The condor's longevity may explain why the Incas believed the birds to be immortal. One popular legend tells that when a condor starts to feel old, it will commit suicide by launching into flight from one of the highest peaks and then simply folding its wings and dropping to its death on the rocky cliffs, only to be reborn again. The bird is important to other Andean civilisations, including the Collaguas and Cabanas who settled the lands of southern Peru long before the Incas. Medicinal powers have been attributed to its bones and organs, and it is a symbol of power and health.
From Arequipa, the road to the Colca Canyon is a real roller-coaster ride complete with potholes, but offers breathtaking views at every point. The route is watched over by volcanoes that rise to over 6,000 metres and flanked by lunar-style landscapes where alpaca and vicuna roam, the latter animals being the source of the world's softest and most expensive wool.
The valley is adorned on both sides by zigzag routes that once were followed by the caravans of llamas crossing between the Altiplano - the high plains - and the Pacific. It is dotted with colonial churches built after the arrival of the Spanish by Dominicans and Franciscans in key towns as Chivay, Yanque, Maca, Pinchillo, Cabanaconde, Lari and Coporaque; ancient barns continue to be used to store the crops that still grow on farming terraces built long ago by the Incas; primitive adobe villages are overlooked by the snowy peaks of the volcanoes Hualca Hualca and Ampato, and markets are held where Collagua and Cabana women, clearly identifiable by their colourful costumes and hats, sell handcrafts and fabrics of their own making. But the most striking thing about the valley is the stunning landscape, here, where the land is cleft dramatically in two, resulting in the second deepest gorge on earth, over four thousand metres, more than twice as deep as the Grand Canyon.
Lords and masters of the Colca Canyon are the condors; these huge creatures can weigh up to twelve kilos and their wingspan reaches over three metres wide. They nest in the red rocky walls of the canyon and use the thermal currents that flow from the gorge to rise high in the skies, often gliding for long periods without a single movement of their vast wings.
In the early morning, or at dusk, especially at the appropriately named Cruz del Condor viewing platform, visitors await the birds' appearance and marvel at the power and majesty of their flight. But their presence isn't limited to specific times and a single place, and, occasionally, as if by a miracle, one of the mysterious and elusive creatures out in search of food, will appear unannounced above the heads of a fortunate few walking between valley villages or riding this most rugged of landscapes.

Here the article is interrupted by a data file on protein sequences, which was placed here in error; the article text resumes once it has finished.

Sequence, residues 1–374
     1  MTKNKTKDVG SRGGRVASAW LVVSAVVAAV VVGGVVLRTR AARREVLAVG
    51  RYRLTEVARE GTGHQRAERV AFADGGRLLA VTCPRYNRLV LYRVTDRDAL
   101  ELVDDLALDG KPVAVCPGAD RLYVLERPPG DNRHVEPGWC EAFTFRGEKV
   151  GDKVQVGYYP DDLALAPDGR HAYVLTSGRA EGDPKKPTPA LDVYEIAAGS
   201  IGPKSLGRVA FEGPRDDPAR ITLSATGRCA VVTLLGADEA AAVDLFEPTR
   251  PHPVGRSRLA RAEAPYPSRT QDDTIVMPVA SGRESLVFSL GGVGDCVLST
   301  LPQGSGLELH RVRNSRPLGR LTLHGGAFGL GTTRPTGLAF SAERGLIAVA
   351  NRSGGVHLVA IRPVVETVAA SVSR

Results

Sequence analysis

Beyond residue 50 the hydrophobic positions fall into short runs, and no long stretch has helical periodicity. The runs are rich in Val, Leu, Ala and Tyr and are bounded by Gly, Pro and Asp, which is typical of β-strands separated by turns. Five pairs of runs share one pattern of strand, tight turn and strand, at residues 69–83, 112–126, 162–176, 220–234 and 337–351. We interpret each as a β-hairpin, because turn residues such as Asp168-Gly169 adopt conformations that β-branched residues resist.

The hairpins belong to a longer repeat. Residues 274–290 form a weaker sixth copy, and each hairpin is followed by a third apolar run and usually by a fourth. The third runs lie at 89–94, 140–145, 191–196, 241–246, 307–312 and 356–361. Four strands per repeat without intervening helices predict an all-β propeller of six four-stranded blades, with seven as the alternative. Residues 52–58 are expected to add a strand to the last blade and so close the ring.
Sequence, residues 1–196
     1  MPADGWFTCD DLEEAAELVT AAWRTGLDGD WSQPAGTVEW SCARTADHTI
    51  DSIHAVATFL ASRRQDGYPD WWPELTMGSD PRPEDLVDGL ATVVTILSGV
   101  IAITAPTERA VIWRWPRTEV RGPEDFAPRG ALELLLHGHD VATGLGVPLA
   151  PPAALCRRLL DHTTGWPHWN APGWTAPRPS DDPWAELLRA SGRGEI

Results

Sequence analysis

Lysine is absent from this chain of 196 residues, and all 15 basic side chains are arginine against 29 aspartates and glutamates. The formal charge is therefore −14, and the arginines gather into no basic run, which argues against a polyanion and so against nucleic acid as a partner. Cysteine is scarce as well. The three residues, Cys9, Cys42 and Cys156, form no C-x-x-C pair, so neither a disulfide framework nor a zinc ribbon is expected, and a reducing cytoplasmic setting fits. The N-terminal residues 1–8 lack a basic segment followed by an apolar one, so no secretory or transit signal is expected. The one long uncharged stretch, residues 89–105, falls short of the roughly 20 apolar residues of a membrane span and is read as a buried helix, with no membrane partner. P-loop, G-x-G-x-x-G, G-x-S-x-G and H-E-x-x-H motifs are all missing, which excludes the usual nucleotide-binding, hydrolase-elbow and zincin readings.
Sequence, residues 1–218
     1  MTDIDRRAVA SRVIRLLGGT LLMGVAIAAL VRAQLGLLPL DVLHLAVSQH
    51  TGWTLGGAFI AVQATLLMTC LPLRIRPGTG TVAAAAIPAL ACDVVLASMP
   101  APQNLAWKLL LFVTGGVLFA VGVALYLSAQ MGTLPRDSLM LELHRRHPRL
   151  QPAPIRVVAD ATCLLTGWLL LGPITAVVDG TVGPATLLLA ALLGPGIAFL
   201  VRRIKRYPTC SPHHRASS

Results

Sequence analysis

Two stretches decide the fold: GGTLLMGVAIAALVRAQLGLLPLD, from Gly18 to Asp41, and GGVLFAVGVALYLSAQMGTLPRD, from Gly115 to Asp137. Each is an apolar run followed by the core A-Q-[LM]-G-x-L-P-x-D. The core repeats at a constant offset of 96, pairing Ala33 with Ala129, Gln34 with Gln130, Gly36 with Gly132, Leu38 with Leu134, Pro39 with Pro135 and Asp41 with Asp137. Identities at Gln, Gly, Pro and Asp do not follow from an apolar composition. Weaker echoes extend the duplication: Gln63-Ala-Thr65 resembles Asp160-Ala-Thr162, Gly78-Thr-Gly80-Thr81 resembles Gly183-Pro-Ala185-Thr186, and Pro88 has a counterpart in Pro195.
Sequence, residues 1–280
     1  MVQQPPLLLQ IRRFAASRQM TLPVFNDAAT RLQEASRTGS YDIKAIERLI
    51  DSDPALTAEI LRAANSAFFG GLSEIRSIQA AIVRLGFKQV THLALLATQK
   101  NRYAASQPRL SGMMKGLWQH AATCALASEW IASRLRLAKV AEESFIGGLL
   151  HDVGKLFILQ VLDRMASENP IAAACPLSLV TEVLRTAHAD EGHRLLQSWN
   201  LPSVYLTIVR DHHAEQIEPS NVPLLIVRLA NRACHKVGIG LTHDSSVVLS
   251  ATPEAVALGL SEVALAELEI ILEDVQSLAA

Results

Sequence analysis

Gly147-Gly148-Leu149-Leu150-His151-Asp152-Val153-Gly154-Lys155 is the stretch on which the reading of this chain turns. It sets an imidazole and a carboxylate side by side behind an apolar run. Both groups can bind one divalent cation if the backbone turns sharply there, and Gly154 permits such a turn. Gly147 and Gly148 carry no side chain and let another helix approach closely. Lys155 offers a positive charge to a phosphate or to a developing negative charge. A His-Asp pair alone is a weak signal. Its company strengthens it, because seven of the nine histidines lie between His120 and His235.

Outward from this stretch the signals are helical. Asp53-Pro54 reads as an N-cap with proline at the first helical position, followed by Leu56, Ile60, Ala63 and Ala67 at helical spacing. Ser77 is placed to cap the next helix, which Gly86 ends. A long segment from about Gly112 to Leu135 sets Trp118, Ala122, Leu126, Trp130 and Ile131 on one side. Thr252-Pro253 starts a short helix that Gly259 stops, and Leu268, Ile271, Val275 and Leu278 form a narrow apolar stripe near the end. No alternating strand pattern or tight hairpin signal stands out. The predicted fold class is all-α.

Condors, of which it is estimated that only around 6,200 remain across the planet, inhabit many areas of the Andes, including the coast. One of the places where they are most likely to be sighted is the Colca Canyon, where about fifty make their homes. The dry season between April and November, is usually the best time to see them. Sightings cannot be guaranteed, but usually occur early in the morning or late afternoon, and the most spectacular location to to try your luck is the Cruz del Condor view point .
Where to stay
Just over two years ago, the Orient Express group opened the most luxurious accommodation on offer in the region: the Casitas del Colca. This score of highly stylish chalets each include fireplace and individual pool from which to admire the stunning valley landscapes. The resort has a spa offering all sorts of treatments, from a beauty ritual to a massage intended to alleviate the effects of altitude sickness; there's also a wide range of activities available: hiking, fishing, cycling and riding. More unusually, there's a chance to participate in a cookery class using organic ingredients from the hotel garden, learn some astronomy, or to lend a hand as a volunteer at a nearby mission.
The culture of cookery is important in Peru, and in recent decades, Peruvian cuisine has received well deserved international recognition. The comings and goings in the area of the most diverse peoples, has resulted in a merging of tradition techniques and local ingredients with particular influences from the cultures of Spain, Japan and China. Ceviche – fish and seafood in a citrus marinade – and specialties such as lomo saltado (beef stir fry), tiraditos (similar to ceviche but without onion), aji de gallina, (chicken stew with a spicy cheese sauce), anticuchos (kebabs) and causa limeña (a cold, layered potato dish) make any trip to Peru a journey of culinary discovery. Specialities of the region around Arequipa and Colca Canyon include rocoto relleno – hot red peppers stuffed with minced meat, spices and cheese – quinoa fritters and cuy chactado – fried guinea pig. These dishes can be sampled in the local markets and restaurants, but the finest cuisine is offered by the luxury hotel restaurants, such as the Casitas del Colca, close to Yanque, or the three star hotels Casa Andina and Colca Lodge, in Chivay and its surroundings, respectively.
Peruvian Tourist Board
On the road from Arequipa to Colca, at an altitude of almost five thousand metres, on clear days the Volcanes viewpoint offers a breathtaking view over the vast Cordillera Chila mountain range and the conical peaks of Mismi, Hualca Hualca, Sabancaya, Ampato, Chachani, Misti and Ubinas.
Arequipa itself, with its tradtional streets and colonial churches, the Plaza de Armas square, its restaurants and busy nightlife, is worth a visit of a couple of days.